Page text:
Warner School of Education at the University of Rochester logo in the print header
Page link printed 09/23/2017



Affiliation: Alumna

Program: EdD, Educational Administration

Research Interests: Regulation techniques for students on and off the autism spectrum, implementing interventions to increase student engagement, and increasing rigor without increasing student anxiety

Current Employment: Executive Director of Teaching, Learning, and Student Support Services for the East Rochester Union Free School District

Previous Employment: Middle/High School Principal, Curriculum Director, and Director of Secondary Education for the Lyndonville Central School District
Kathryn Coliccio

 

Kathryn Coliccio

In 2006, 12 years after enrolling at Warner, Kathryn Colicchio got called to the main office at East High School, where she was working at the time as an administrator. There waiting for her was Brian Brent, Warner’s associate dean for graduate studies. The unannounced visit was an attempt to persuade Colicchio, who had finished her coursework nearly a decade earlier, to finish her dissertation.

“He was caring enough to come find me and say, ‘If you stick with this, I promise we’ll get you through,’” recalls Colicchio, who had to repeatedly postpone her dissertation because she had the good fortune of being continuously promoted over the years, which meant longer work hours. The “intervention,” as she calls it, worked. Two years later, she earned her EdD in educational leadership.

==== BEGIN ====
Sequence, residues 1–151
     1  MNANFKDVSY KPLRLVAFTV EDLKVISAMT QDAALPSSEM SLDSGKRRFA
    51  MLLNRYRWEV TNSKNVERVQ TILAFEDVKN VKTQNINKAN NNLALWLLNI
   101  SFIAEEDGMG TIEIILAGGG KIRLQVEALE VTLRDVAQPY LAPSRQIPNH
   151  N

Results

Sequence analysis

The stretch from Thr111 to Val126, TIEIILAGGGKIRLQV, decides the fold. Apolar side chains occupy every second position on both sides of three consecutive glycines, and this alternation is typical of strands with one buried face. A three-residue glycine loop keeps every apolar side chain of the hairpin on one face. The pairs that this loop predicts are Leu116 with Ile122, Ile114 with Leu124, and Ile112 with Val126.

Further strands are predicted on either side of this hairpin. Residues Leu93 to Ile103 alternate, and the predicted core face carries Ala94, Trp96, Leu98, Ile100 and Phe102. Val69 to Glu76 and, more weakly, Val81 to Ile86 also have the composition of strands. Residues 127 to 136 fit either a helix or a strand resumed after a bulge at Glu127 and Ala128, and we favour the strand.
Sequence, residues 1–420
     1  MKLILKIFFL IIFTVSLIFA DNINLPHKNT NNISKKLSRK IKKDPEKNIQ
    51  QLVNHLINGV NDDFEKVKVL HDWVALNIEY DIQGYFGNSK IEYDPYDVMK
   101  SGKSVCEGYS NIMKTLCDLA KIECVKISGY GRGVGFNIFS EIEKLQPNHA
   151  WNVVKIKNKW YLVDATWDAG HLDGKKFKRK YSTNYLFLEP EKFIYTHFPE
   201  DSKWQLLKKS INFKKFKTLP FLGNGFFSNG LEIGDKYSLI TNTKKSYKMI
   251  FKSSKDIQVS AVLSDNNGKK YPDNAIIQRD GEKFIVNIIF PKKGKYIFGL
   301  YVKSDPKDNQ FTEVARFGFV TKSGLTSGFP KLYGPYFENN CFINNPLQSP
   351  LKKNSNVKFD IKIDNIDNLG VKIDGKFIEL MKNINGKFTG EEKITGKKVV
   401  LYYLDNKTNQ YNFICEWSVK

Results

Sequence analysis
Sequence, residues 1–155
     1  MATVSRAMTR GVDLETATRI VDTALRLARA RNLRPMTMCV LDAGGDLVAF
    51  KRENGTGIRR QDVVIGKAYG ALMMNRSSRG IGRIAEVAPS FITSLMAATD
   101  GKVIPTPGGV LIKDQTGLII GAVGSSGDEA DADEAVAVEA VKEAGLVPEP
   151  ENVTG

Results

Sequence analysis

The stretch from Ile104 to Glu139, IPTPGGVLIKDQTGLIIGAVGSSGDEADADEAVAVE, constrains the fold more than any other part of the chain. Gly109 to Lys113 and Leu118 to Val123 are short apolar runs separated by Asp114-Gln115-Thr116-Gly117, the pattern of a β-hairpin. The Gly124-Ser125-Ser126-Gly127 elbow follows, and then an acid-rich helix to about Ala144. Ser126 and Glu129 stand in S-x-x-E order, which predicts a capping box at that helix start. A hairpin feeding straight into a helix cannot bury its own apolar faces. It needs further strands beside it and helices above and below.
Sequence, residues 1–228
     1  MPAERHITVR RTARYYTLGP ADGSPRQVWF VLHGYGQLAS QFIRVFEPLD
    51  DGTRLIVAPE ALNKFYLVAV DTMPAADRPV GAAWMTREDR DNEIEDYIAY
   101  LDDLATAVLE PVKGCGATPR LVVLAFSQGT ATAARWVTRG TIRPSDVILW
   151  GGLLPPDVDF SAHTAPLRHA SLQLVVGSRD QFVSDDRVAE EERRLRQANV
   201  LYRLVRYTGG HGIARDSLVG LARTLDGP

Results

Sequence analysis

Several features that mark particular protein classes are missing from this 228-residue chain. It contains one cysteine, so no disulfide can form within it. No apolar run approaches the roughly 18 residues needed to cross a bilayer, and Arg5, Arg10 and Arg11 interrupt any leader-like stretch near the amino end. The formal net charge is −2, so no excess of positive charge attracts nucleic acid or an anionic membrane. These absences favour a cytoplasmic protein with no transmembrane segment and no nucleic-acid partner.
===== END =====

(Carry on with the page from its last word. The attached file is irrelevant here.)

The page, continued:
As the newly hired executive director of teaching, learning, and student support services for the East Rochester Union Free School District, Colicchio plans to increase student achievement through a multi-layered approach of applying interventions based on student need, which she accomplished at her last job as director of secondary education for the Lyndonville Central School District in Orleans County. The former teacher favors a Response-to-Intervention model that personalizes instruction and pushes educators to think outside the box. She also expects to work closely with teachers, counselors, and administrators to sustain an environment of excellence and equity for all students.

A top priority will be employing an ongoing data analysis process that tracks each student’s skills and weaknesses, to ensure delivery of a truly individualized, yet balanced, instructional program.

“There’s not one cookie-cutter solution in education,” she explains. “Warner teaches you how to go through the steps of the decision-making process where you examine alternatives, consult various stakeholders, and evaluate the information at hand before making a final decision.

 “And that’s really important in education,” she continues. “There are no right or wrong answers. There are just the best decisions for your organization.”

Colicchio’s network has grown greatly from her Warner experience—a group she describes as a powerful support system in a profession that often leaves little time for building outside professional relationships.

And, Warner has remained close in other ways, recently asking Colicchio and other graduates for their opinions at a Leadership Advisory Committee meeting.

 “It’s great that they’ve been as committed to me as I was to them,” she says.

(Published October 2011)

 


Tags: educational leadership